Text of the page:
Thursday, May 6, 2010
Shellfish and I have a love-hate relationship. I love them, they hate me. Let me elaborate. I love crab, shrimp, lobster, clams and oysters but I have gotten sick from eating them enough times to realize I pissed off a shellfish god somewhere along the way. A few years ago, the hubster and I went to Thailand. Two words, shellfish mecca. Most restaurants have a giant spread of shellfish on ice, you point to what you want, the kindly gentleman weighs it, cooks it, and hands you your prize. Sounds ideal, right? Not so much when you eat a bad shrimp, it triggers some crazy allergic reaction causing you to look like a red, bumpy alien, and you have to wear a bathing suit to go snorkeling the next day. I tried to tell myself the kids on the boat weren't laughing at me, they were laughing with me but that was hard to do with all their pointing and snickering. Damn kids!
Months later, I'm telling a doctor friend this story and she says, "You realize allergic reactions of that nature are really serious because *insert medical gobbledy gook here.*" Awesome, just awesome. During this entire episode, the hubster is walking around, Foghorn Leghorn chest puffed, talking about how he can eat anything and not get sick. Enter Australia where the hubster eats a Moreton Bay Bug and lands in the emergency room, on a morphine drip, puking all night.
The average person would learn from these experiences and stay away from shellfish. This mythical average person would not exclaim, "Oh, hell yeah" when invited to a crawfish boil. And that's how yours truly (hubster in tow) found herself at a crawfish boil one fine Saturday afternoon.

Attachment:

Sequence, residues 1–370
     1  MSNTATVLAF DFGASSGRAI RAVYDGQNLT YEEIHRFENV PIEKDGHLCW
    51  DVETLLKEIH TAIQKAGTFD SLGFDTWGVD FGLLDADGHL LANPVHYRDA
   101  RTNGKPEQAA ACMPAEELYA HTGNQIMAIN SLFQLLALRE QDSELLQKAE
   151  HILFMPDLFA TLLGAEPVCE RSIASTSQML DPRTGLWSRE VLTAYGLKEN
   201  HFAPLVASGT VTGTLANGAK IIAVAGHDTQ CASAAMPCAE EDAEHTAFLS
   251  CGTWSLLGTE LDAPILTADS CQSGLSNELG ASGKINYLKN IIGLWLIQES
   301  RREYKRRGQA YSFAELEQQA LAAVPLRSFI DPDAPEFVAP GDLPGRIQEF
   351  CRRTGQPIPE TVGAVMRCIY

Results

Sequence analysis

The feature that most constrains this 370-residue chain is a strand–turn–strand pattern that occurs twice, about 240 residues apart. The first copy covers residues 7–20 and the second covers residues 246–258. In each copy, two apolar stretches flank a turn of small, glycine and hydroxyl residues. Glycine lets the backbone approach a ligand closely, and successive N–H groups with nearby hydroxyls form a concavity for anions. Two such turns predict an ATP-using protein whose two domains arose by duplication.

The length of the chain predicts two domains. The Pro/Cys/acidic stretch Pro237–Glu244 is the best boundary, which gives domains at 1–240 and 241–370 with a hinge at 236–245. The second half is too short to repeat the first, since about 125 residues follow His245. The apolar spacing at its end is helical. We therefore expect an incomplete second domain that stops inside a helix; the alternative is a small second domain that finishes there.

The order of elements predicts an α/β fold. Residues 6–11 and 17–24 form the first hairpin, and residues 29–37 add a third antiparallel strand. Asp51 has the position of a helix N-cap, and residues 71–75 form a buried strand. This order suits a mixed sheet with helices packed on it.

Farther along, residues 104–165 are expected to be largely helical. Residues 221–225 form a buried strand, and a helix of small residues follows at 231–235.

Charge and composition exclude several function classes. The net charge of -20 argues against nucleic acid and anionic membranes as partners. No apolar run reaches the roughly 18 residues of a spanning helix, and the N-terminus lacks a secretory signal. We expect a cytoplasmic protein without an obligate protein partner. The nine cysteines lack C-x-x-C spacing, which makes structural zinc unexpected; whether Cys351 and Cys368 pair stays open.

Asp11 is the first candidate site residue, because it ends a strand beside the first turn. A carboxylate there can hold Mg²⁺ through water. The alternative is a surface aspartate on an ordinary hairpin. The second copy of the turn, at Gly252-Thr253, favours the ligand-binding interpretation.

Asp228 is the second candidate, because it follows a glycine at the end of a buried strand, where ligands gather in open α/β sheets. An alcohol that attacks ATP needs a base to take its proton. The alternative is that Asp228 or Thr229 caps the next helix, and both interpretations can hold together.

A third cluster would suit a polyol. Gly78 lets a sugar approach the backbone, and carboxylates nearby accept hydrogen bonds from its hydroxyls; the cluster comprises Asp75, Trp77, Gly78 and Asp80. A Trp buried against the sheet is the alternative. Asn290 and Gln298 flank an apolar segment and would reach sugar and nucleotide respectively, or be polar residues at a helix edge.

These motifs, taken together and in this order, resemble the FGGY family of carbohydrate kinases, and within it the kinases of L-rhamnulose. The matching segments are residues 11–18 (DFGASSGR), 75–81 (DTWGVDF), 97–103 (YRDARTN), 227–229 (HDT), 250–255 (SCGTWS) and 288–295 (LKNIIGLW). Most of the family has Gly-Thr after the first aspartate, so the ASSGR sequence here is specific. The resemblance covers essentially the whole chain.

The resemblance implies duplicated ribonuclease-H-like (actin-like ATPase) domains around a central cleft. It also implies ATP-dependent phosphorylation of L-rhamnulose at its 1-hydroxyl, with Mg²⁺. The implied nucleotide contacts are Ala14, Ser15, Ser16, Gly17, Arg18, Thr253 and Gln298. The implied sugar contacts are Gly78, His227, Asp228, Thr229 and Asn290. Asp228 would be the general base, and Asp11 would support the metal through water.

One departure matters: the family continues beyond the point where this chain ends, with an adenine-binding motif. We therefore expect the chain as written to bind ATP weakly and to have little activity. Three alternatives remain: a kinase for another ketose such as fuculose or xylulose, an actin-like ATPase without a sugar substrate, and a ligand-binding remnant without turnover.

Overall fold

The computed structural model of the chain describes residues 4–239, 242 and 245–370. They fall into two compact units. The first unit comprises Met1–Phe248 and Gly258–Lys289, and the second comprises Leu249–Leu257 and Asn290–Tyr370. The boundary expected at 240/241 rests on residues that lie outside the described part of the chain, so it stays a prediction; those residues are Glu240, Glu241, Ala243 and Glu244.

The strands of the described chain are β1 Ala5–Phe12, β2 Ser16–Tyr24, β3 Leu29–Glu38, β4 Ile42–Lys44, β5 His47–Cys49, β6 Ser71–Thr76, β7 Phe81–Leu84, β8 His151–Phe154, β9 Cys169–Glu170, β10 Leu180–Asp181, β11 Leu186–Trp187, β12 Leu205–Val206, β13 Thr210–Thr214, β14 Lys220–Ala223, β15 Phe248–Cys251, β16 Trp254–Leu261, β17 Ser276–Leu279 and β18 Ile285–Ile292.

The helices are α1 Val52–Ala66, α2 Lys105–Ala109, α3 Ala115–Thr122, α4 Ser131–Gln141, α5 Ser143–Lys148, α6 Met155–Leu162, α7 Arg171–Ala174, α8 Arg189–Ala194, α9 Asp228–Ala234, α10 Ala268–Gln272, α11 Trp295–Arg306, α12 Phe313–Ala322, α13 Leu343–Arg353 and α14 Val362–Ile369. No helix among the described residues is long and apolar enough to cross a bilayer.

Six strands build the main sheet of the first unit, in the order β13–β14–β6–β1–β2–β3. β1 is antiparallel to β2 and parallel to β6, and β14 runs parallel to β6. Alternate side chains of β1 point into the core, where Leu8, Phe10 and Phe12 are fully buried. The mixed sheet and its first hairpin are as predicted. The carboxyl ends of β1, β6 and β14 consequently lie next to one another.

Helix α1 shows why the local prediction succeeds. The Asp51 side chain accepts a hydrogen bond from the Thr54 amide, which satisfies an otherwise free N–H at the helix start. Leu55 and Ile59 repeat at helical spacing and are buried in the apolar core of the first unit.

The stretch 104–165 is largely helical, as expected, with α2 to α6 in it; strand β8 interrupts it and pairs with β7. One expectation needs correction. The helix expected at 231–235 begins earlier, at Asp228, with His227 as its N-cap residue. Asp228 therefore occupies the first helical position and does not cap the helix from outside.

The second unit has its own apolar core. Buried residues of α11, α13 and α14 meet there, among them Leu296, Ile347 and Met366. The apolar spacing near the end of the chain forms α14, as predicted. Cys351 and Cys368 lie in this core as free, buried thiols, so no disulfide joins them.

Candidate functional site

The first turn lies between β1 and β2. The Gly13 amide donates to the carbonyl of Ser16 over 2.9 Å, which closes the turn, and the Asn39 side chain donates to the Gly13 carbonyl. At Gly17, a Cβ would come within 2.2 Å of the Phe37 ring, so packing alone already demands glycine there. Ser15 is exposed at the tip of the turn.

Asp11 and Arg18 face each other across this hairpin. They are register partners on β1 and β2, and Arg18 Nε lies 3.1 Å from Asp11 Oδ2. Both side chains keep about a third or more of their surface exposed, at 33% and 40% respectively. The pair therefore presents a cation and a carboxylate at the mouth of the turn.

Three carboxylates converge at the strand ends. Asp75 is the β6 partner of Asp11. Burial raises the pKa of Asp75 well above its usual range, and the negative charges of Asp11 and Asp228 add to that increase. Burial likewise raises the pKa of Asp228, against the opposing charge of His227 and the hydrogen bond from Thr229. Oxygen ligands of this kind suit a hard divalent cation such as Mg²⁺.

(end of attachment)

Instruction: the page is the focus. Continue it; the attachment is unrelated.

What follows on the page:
Crawfish boil 101: The crawfish are kept alive and kicking in a giant metal tub filled with water.
Come cooking time, they get dumped into a Hansel and Gretal sized stock pot, filled with water seasoned with extra spicy seafood boil seasoning. Corn and potatoes are thrown in to the pot because...um, I don't know. I'm pretty carnivorous and I avoided the veggies so I really can't tell you why they were there. All the while, people gather around a long table that is truly a work of art. In the middle is a giant square box for the crawfish. On each side of the box is a circular hole with a garbage can underneath. The instructions are simple. Grab a pile of crawfish from the giant box in the middle. Pop head off of crawfish, drop in homemade trash chute, peel tail, eat. Easy, right? Not so much.
If you've never had crawfish, you should know they are some weird looking buggers (aptly nicknamed mudbugs). If you have had crawfish before, you know they are a LOT of work for very little meat. Our fabulous hosts (and all of their guests) thought it charming (or weird) that we had never had crawfish and they kindly guided us through the cracking process. When the going got particularly tough, they took pity on us and cracked the crawfish for us (and I shamelessly gobbled). There was something wonderfully communal about different people, standing side-by-side under the sun, cracking crawfish, eating, chatting, and most importantly, enjoying the company of friends and family.
In all fairness, I should mention that the boil featured tons more food besides crawfish. Fried catfish, fried oysters, french fries, tater tots, and hushpuppies. Plus, all the guests brought a fabulous side dish to share. Then came dessert. Don't even get me started- brownies, cookies, cakes, and pies, oh my! Whoever said South Asians have lots of food at parties clearly didn't know Southerners. The hubster and I were blown away by the graciousness of our hosts and the deliciousness of the food . Plus, I didn't wake up covered in an ever so attractive rash. But let's be real, even if I had, crawfish would've still been an awesome food adventure!
Labels: food adventures